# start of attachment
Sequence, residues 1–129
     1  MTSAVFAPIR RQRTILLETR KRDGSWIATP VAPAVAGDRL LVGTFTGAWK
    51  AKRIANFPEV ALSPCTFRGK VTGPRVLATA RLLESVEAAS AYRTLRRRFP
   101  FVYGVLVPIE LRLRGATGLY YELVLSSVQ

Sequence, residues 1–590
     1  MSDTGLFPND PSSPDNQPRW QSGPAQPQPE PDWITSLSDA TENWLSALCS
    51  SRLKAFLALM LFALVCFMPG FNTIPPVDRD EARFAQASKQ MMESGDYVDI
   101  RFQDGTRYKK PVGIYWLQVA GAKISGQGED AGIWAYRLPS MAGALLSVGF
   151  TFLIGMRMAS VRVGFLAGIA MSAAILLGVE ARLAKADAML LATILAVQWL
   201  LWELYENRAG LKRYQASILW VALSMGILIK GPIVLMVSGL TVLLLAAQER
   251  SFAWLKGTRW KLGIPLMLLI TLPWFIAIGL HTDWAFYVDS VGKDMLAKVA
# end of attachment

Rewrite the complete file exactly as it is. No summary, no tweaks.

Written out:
Sequence, residues 1–129
     1  MTSAVFAPIR RQRTILLETR KRDGSWIATP VAPAVAGDRL LVGTFTGAWK
    51  AKRIANFPEV ALSPCTFRGK VTGPRVLATA RLLESVEAAS AYRTLRRRFP
   101  FVYGVLVPIE LRLRGATGLY YELVLSSVQ

Sequence, residues 1–590
     1  MSDTGLFPND PSSPDNQPRW QSGPAQPQPE PDWITSLSDA TENWLSALCS
    51  SRLKAFLALM LFALVCFMPG FNTIPPVDRD EARFAQASKQ MMESGDYVDI
   101  RFQDGTRYKK PVGIYWLQVA GAKISGQGED AGIWAYRLPS MAGALLSVGF
   151  TFLIGMRMAS VRVGFLAGIA MSAAILLGVE ARLAKADAML LATILAVQWL
   201  LWELYENRAG LKRYQASILW VALSMGILIK GPIVLMVSGL TVLLLAAQER
   251  SFAWLKGTRW KLGIPLMLLI TLPWFIAIGL HTDWAFYVDS VGKDMLAKVA